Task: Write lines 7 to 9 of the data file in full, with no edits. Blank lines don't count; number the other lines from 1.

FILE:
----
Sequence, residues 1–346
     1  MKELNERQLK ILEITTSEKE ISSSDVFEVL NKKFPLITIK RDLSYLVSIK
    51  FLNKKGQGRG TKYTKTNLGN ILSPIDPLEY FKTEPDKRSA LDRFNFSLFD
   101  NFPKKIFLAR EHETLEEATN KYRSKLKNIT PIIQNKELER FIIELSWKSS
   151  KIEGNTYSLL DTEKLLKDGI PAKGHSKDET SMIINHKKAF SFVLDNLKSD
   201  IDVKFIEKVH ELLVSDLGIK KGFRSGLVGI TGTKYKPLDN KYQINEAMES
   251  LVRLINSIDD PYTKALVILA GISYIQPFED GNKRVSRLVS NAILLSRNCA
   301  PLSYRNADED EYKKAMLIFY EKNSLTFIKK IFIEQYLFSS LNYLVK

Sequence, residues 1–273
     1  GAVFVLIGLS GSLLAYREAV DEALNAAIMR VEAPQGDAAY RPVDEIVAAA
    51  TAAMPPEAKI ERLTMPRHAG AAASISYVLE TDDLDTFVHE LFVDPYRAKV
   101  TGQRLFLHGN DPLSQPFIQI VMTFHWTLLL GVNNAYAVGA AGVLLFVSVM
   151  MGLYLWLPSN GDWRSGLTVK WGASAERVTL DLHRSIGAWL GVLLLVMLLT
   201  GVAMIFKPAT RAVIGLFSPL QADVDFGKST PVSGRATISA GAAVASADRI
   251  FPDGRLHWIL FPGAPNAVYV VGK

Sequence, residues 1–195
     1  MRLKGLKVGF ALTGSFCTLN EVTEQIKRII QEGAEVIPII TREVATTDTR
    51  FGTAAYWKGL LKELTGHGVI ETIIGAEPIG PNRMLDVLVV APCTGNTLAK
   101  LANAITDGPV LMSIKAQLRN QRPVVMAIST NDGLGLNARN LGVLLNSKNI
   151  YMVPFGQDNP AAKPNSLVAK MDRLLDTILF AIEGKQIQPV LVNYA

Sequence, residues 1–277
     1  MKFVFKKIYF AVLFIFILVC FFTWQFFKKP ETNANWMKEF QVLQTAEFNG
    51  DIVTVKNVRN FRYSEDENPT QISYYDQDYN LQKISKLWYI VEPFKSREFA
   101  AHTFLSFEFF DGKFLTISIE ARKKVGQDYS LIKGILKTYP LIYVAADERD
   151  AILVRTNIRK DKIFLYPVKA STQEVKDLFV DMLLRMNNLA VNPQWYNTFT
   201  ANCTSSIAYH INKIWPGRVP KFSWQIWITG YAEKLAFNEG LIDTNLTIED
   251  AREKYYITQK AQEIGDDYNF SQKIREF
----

   251  LVRLINSIDD PYTKALVILA GISYIQPFED GNKRVSRLVS NAILLSRNCA
   301  PLSYRNADED EYKKAMLIFY EKNSLTFIKK IFIEQYLFSS LNYLVK

Sequence, residues 1–273